In spite of the U.S. doubts, the Soviet Union informed the Geneva Conference in March 1960 that it was prepared to discuss a treaty based on the threshold concept. They wanted to begin discussion on suspending tests above a 4.75 seismic magnitude. (247, 248) However, disagreement over testing under the 4.75 magnitude destroyed hopes for a possible agreement on the threshold concept. The Soviets wanted a moratorium for testing under 4.75, while the United States wanted only a set moratorium period with an agreement to conduct joint research on underground test detection technology. (250) The Soviet downing of a U.S. U-2 reconnaissance plane over the Soviet Union on May 1, 1960, together with disagreement over the moratorium and U.S. frustrations over the Soviet refusal to consider seriously any type of controls, once again prevented any breakthrough on the nuclear testing issue at the Geneva negotiations. (253)
A fresh start seemed possible at the Ten-Nation Disarmament Conference on March 15, 1960. President Eisenhower hoped to persuade the Allies to focus on larger disarmament issues3/4namely, a suspension in the production of fissionable materials. (244) Here too a stalemate resulted. Ambassador Eaton, Chairman of the U.S. delegation, reported that the Western position at the conference was increasingly weakened by Allied interest in obtaining a disarmament accord at any cost. Eaton recommended revising the U.S. plan to appease allies, especially France, which were worried that U.S. intransigence would ruin any hope of an agreement. All such proposals proved futile, however, when the Soviets walked out of the conference on June 27, 1960. (256)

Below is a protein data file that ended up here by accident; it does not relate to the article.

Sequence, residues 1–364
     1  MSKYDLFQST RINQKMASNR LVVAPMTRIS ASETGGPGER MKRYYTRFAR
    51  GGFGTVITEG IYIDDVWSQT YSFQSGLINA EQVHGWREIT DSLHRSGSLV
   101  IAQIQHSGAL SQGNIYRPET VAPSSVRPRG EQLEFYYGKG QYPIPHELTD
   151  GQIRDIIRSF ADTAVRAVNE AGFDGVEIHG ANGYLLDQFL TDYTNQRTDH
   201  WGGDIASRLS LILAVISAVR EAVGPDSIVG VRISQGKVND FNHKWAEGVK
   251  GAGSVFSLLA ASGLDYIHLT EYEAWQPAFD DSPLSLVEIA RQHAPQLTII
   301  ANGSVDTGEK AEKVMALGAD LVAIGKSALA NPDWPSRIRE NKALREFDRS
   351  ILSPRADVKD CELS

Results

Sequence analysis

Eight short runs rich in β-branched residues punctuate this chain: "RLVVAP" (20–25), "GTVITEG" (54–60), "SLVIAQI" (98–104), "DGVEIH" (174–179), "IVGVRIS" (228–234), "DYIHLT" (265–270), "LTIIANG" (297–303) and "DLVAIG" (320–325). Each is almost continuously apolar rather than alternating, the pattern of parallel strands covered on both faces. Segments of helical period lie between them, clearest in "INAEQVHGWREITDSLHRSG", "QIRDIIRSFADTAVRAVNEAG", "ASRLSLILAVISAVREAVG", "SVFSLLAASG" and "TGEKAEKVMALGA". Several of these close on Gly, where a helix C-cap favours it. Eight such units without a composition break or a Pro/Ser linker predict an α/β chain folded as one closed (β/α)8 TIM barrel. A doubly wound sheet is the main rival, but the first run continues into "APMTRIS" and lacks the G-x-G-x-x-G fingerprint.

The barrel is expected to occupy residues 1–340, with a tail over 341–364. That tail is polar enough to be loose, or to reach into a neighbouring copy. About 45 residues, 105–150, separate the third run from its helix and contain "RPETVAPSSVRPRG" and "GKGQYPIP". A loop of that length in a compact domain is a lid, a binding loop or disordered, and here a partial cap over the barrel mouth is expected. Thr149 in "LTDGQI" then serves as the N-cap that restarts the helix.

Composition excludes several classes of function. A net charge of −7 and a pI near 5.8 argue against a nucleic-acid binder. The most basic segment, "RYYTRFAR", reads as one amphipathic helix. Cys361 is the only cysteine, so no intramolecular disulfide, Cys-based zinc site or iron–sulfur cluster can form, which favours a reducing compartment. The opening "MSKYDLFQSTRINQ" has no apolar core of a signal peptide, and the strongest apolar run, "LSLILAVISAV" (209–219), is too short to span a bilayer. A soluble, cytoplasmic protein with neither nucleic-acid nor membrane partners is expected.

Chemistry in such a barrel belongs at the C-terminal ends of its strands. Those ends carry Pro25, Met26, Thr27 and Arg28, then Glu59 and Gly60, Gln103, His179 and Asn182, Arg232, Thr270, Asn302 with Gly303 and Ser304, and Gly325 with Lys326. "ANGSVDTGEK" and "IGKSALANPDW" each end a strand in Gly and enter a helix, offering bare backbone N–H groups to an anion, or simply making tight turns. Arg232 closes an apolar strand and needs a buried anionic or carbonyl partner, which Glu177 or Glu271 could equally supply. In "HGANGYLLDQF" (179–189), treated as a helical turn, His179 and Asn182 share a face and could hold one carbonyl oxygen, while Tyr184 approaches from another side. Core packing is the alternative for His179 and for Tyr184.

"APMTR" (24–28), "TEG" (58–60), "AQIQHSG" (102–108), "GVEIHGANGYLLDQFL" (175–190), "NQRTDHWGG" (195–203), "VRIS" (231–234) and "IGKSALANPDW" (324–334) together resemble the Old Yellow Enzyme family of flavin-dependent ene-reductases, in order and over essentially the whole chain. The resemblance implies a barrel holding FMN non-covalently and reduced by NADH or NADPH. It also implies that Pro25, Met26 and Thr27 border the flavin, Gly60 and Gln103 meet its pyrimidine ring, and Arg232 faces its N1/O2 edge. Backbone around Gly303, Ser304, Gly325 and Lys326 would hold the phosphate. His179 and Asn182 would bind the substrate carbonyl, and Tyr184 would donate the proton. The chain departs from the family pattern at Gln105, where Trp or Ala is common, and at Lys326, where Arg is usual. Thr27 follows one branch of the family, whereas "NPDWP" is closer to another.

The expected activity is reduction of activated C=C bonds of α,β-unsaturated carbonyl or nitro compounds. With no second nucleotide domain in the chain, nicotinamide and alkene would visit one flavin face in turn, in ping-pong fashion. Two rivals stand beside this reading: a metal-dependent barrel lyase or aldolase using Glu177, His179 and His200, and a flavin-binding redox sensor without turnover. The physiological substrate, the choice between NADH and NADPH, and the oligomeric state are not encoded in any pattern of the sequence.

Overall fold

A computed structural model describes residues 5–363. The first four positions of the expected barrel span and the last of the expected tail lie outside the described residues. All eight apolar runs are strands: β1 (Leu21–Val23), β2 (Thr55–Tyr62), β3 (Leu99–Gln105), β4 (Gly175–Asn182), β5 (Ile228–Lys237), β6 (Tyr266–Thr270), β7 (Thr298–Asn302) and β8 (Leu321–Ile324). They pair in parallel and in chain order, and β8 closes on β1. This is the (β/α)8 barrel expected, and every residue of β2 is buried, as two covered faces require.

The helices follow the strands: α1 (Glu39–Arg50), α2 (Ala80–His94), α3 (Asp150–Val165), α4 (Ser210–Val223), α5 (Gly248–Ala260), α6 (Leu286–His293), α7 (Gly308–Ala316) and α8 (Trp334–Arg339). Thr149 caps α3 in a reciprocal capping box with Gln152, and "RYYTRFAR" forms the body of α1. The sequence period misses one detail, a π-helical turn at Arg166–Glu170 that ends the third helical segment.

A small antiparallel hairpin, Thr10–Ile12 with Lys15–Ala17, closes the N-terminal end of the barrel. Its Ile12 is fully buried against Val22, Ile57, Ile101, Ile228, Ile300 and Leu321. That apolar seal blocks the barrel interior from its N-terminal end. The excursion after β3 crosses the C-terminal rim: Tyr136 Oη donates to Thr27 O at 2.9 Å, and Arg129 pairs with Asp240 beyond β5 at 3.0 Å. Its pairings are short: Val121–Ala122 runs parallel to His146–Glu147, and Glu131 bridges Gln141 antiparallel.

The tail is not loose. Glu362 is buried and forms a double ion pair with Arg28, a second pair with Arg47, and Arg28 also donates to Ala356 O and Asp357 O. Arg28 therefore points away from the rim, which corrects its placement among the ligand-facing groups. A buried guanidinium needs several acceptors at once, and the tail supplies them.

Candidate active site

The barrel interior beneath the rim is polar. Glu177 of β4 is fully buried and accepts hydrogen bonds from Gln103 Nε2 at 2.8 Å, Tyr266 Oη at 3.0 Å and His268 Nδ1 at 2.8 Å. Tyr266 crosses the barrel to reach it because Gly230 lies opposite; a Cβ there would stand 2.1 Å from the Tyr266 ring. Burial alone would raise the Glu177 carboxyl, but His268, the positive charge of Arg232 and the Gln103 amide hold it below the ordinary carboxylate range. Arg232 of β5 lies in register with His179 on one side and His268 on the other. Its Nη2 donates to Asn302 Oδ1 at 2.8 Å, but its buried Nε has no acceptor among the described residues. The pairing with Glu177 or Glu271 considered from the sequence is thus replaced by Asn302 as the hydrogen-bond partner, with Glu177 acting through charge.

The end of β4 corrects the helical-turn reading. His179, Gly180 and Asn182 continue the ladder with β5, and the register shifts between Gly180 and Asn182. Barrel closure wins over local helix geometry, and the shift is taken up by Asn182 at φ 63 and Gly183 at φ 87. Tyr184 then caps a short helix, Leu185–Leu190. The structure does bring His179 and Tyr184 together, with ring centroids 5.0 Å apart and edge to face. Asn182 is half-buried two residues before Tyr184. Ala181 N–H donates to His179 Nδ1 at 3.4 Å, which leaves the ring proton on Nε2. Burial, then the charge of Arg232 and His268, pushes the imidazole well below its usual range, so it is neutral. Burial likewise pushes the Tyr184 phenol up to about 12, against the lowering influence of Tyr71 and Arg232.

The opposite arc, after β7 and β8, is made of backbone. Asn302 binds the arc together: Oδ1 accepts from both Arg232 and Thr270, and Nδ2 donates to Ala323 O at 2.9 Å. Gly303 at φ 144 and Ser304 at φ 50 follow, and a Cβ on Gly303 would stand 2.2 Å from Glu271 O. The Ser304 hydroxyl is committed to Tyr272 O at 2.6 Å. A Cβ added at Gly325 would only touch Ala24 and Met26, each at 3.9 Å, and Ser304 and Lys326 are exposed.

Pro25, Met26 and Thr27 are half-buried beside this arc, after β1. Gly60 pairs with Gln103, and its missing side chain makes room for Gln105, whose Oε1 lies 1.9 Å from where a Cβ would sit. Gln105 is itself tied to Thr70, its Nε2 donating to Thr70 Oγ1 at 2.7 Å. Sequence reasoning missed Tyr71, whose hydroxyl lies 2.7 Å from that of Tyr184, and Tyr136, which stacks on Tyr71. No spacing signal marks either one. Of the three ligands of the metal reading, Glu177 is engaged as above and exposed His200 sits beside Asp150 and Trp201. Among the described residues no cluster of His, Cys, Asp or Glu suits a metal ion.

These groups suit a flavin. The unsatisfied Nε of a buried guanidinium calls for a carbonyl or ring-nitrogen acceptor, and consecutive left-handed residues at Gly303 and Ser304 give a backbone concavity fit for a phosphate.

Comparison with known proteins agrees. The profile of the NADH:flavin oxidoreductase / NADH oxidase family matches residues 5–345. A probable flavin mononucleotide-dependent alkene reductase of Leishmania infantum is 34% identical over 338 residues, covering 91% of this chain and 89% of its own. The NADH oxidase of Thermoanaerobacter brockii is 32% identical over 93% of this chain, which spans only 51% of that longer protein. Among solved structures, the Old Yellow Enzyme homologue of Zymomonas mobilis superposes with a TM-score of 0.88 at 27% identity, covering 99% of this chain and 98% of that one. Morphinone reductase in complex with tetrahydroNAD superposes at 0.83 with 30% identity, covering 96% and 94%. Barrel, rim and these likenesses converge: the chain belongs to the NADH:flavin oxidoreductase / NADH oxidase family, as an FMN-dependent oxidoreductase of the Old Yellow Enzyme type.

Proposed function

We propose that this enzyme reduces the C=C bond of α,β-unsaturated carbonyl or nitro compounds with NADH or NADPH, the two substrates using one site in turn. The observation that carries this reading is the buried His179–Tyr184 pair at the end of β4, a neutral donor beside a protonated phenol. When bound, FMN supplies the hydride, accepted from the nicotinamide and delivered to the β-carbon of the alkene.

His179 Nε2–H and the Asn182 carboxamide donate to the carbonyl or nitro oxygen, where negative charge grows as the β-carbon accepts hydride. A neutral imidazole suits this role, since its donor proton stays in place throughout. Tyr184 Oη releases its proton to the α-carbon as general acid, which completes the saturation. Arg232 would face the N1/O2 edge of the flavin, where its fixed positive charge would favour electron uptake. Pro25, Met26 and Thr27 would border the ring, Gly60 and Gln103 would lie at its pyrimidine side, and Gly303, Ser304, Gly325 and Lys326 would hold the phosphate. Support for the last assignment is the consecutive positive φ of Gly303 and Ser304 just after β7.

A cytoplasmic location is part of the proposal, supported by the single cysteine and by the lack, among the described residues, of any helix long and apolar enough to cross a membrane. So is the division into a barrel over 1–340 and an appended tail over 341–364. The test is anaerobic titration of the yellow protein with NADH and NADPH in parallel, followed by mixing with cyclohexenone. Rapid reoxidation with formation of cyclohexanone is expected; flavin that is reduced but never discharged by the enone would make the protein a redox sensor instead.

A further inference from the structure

Meanwhile, the United States began to develop a new approach to disarmament negotiations. Preliminary talks began on a cooperative research program with the British and Soviets that was designed to improve the ability to detect underground nuclear explosions. To improve trust and cooperation in the program, all the nuclear devices to be used for the testing research would be inspected by all three countries to confirm that they would only be used for peaceful purposes. In case the Soviets refused the joint research project, the Eisenhower administration also proposed a fallback plan whereby the United States would open up its nuclear devices to the United Nations for inspection before beginning unilateral research testing. This time the administration's plans faced obstacles, not just from the Soviets, but also from an election year Congress that did not like the idea of unilaterally showing U.S. devices to the Soviets for nothing in return. (259)